Class Browsers and Visual Development Environments: A class browser must be ready to enumerate the members of classes. Visual development environments can enjoy making use of type information available in reflection to assist the developer in writing the correct code.

Debuggers and Test Tools: Debuggers got to be ready to examine private members in classes. Test harnesses can make use of reflection to systematically call a discoverable set APIs defined on a category, to ensure a high level of code coverage during a test suite.

Disadvantages of reflection in Java

Performance Overhead: Certain Java virtual machine optimizations cannot be performed because reflection involves types that are dynamically resolved.

Security Restrictions: When running under a security manager, reflection requires a runtime permission which may not be present. This is in a crucial consideration for code that has got to run during a restricted security context, like in an Applet.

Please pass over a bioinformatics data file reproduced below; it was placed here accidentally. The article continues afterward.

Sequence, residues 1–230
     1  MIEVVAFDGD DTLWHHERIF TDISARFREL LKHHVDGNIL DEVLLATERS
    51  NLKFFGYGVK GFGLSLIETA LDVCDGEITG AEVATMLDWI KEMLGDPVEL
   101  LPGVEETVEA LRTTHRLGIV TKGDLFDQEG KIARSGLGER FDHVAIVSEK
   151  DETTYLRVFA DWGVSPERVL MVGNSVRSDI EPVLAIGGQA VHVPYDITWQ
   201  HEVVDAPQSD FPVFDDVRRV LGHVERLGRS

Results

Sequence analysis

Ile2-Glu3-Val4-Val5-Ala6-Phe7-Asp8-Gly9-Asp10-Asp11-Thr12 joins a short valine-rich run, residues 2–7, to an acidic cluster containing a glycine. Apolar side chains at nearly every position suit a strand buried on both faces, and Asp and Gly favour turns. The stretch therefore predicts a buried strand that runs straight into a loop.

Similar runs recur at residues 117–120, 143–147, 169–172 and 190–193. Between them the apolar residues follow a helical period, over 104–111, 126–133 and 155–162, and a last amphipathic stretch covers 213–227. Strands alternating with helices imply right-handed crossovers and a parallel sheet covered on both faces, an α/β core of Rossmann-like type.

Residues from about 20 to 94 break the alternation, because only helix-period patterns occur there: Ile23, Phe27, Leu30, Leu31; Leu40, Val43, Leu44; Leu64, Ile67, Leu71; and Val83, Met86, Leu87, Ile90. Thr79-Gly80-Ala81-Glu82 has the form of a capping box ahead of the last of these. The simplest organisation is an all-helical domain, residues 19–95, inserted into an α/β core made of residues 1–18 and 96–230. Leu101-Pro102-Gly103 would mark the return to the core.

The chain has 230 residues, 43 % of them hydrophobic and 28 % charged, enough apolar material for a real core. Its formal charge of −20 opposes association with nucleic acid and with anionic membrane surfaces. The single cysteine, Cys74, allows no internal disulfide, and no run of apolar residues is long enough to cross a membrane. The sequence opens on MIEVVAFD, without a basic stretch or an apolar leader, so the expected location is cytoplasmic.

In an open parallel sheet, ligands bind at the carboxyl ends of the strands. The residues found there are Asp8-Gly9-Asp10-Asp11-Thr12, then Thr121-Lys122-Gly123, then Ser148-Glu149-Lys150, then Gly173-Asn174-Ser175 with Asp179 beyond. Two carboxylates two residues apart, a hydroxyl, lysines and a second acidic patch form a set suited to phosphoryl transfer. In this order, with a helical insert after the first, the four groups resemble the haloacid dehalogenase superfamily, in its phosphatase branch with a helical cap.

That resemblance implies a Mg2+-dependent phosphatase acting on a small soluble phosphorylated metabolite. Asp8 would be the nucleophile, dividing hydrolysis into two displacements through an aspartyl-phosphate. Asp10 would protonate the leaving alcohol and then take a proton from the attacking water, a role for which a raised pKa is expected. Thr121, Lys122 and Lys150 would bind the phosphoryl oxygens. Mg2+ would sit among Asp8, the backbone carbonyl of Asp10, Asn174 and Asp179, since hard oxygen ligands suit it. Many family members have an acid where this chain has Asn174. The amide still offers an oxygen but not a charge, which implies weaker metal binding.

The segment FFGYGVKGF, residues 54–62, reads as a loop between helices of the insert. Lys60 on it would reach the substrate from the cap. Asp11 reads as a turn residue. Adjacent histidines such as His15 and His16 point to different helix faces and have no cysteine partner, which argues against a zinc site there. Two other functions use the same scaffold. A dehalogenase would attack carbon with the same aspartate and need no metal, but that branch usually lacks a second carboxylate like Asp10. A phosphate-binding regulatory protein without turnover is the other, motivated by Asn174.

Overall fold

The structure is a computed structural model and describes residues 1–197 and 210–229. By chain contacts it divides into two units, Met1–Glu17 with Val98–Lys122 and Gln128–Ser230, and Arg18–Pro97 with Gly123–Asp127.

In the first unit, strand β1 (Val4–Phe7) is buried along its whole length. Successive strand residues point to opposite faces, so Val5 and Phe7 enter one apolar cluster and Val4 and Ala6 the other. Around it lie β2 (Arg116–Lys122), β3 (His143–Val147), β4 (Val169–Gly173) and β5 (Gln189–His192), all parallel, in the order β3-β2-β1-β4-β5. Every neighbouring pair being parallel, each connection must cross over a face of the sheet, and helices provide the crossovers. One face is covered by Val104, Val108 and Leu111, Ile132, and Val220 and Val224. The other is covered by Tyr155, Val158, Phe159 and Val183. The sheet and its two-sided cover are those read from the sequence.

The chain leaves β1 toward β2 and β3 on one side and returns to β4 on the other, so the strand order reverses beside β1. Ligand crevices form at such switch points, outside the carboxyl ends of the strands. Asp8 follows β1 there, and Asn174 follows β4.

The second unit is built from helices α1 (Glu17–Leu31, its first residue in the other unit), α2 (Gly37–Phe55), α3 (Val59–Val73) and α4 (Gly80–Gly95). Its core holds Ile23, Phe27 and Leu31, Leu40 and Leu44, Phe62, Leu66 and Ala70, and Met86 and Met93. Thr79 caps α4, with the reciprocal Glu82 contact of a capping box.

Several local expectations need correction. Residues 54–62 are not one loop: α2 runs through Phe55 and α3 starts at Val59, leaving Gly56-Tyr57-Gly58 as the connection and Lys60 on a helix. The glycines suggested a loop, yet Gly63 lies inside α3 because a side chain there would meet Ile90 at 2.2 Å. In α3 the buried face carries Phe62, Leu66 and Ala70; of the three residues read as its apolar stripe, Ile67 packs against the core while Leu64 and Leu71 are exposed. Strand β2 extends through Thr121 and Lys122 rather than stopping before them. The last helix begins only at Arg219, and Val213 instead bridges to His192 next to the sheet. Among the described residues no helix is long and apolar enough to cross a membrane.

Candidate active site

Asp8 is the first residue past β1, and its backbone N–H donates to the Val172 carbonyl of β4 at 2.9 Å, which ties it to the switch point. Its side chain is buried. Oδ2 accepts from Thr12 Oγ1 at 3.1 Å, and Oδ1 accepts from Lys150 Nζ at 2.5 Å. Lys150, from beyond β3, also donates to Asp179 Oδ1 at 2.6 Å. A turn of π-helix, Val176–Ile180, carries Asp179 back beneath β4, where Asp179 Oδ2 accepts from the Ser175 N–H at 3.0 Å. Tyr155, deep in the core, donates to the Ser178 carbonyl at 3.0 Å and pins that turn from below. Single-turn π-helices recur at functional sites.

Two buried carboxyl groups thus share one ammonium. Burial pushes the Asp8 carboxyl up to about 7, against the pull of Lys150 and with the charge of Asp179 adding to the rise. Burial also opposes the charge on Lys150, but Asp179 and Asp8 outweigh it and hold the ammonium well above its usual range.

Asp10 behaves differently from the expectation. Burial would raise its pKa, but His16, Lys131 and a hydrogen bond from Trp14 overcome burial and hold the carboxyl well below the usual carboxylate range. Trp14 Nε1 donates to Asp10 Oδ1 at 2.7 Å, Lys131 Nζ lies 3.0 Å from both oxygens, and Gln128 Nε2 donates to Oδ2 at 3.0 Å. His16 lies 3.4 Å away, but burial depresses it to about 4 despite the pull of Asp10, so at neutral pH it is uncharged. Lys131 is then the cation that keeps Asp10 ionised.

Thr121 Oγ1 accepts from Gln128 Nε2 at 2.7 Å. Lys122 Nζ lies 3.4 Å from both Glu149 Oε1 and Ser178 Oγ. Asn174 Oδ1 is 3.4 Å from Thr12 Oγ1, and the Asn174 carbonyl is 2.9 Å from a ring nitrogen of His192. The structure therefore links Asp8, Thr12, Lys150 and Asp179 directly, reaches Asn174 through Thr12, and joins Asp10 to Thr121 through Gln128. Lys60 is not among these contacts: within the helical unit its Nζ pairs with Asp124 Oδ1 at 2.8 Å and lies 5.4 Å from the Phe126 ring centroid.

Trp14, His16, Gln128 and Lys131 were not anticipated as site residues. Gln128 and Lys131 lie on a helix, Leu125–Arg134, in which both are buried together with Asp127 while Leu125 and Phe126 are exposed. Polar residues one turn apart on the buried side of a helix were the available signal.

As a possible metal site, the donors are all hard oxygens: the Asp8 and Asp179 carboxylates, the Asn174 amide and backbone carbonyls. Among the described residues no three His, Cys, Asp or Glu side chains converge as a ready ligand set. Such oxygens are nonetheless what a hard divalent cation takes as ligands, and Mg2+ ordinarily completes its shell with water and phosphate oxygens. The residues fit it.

Exposure of Internals: The use of reflection can result in unexpected side-effects because reflection allows code to perform operations that would be illegal in non-reflective code, such as accessing private fields and methods, which can render code dysfunctional and should destroy portability. Reflective code breaks abstractions and thus may change behavior with upgrades of the platform.

In the next article, I am going to discuss Date-Time APIs in Java with Examples. Here, in this article, I try to explain Reflection in Java with Examples. I hope you enjoy this Reflection in Java with Examples article.

Leave a Reply

Your email address will not be published. Required fields are marked *